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What's with Explorers & Flying V's? DISCONTINUED?


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They may be re training the staff to make the new models better than the ones they make just now. The quality coming out of Japan is better and represents better value for money. Just purchased a Bacchus Korina Explorer $900 and then I had to add on shipping and tax to the UK cost me $1400 in total. Now can Gibson sell you a solid Korina body and neck guitar that has been lovingly made and has quality all over it?

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  • 5 weeks later...

I noticed this myself and am curious about this as well. Explorer USAs are back up with a harrowing "weight relieved" note in the passage on body construction. As for the Vs, it is only the '68s being yanked (the standard USA offering). Frankly I have no idea what nonsense Gibson was up to when they discontinued '67RIs in 2011 for '68s, which seem to be identical in everything but their name. That said, I think Gibson can use some creative thinking in the V department.


The 67'RI (which is more of a bastardized mashup of a 67 and a 75 with different neck/body construction) has been produced from 1989 through 2011 with another year and a half of the '68. They have flooded a buyer's market and though a handsome mix of some of the V's best attributes, they are uninspiring after such a long run. Many people are sick to death of the non-matching black headstocks, for example. There was a limited '70s V recently released (no doubt from the spare parts bin of the KH sig)but with the '67 RI construction, nothing differentiated it from the '67 other than headstock shape, which made the insanely disproportionate MSRP untenable.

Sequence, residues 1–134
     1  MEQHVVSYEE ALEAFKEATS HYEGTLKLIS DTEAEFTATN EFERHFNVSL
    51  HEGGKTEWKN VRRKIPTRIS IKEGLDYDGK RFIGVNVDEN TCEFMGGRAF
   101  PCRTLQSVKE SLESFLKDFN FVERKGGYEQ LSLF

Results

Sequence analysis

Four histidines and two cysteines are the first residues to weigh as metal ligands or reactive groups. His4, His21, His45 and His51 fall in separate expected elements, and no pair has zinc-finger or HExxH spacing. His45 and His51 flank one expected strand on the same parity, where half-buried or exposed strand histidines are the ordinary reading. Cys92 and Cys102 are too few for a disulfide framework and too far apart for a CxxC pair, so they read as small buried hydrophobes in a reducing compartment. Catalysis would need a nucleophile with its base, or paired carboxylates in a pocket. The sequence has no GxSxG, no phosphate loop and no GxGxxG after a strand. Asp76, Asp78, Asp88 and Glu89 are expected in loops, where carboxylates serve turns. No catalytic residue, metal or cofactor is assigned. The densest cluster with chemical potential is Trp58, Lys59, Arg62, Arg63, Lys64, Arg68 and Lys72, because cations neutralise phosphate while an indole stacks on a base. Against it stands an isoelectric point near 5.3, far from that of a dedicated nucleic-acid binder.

Now if they did a '70s tribute series like they did the SGs and LPs, with the headstocks, colors (natural, tobacco sunburst, silverburst, maui blue, etc.) and a comparable price tag to the 67RIs, I would be tempted to move. If they reissued the V90 (which will NEVER happen -at least not a proper one) I would jump on one and completely ignore the fact they are using that awful richlite. And frankly, if they discontinued the V for another decade, I couldn't care less (except for the surge in demand for used Vs that would cramp my style). I have 4 '67 RIs, including 2 worn cherry, one alpine, and the V-Bass RI, and with these Vs in hand I can't imagine why I would pay Gibson a penny for another '67/'68 RI. The last new V that I have found to be worth a damn is the Tremolo V (an '84 pickguard-free layout with that stupid '67 contrasting black headstock), and maybe the Silverburst RI (another '84). The ONLY '67 that captured any interest was the Historic Reissue with the correct maestro vibrolla, and that was both prohibitively expensive for the mere addition of a vibrolla and COA, and that was made a full 13 years ago.


I LOVE Vs. I have 8 Gibsons and 2 Epis, but absent some special edition/sig/etc. I have no compelling reason to buy another new "standard Gibson V". They have neglected one of their finest models and have failed to capture the attention and amazement of its fans -ignore the cool special editions a moment... I mean the old, gnarly unchanged '67RI standard (for 24 years) offering.

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